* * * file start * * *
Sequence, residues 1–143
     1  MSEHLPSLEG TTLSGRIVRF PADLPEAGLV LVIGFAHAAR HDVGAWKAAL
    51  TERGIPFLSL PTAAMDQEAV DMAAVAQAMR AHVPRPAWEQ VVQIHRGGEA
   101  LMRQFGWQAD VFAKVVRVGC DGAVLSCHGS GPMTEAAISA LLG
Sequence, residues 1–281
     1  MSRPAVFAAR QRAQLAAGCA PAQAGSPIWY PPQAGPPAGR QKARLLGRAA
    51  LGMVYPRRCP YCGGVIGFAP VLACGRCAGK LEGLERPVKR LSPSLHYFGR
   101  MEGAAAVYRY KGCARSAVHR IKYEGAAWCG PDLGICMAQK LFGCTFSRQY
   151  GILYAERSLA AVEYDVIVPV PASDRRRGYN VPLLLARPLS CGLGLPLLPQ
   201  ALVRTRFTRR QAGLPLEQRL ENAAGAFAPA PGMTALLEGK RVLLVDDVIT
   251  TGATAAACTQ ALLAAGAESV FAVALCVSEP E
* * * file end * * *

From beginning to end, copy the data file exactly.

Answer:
Sequence, residues 1–143
     1  MSEHLPSLEG TTLSGRIVRF PADLPEAGLV LVIGFAHAAR HDVGAWKAAL
    51  TERGIPFLSL PTAAMDQEAV DMAAVAQAMR AHVPRPAWEQ VVQIHRGGEA
   101  LMRQFGWQAD VFAKVVRVGC DGAVLSCHGS GPMTEAAISA LLG
Sequence, residues 1–281
     1  MSRPAVFAAR QRAQLAAGCA PAQAGSPIWY PPQAGPPAGR QKARLLGRAA
    51  LGMVYPRRCP YCGGVIGFAP VLACGRCAGK LEGLERPVKR LSPSLHYFGR
   101  MEGAAAVYRY KGCARSAVHR IKYEGAAWCG PDLGICMAQK LFGCTFSRQY
   151  GILYAERSLA AVEYDVIVPV PASDRRRGYN VPLLLARPLS CGLGLPLLPQ
   201  ALVRTRFTRR QAGLPLEQRL ENAAGAFAPA PGMTALLEGK RVLLVDDVIT
   251  TGATAAACTQ ALLAAGAESV FAVALCVSEP E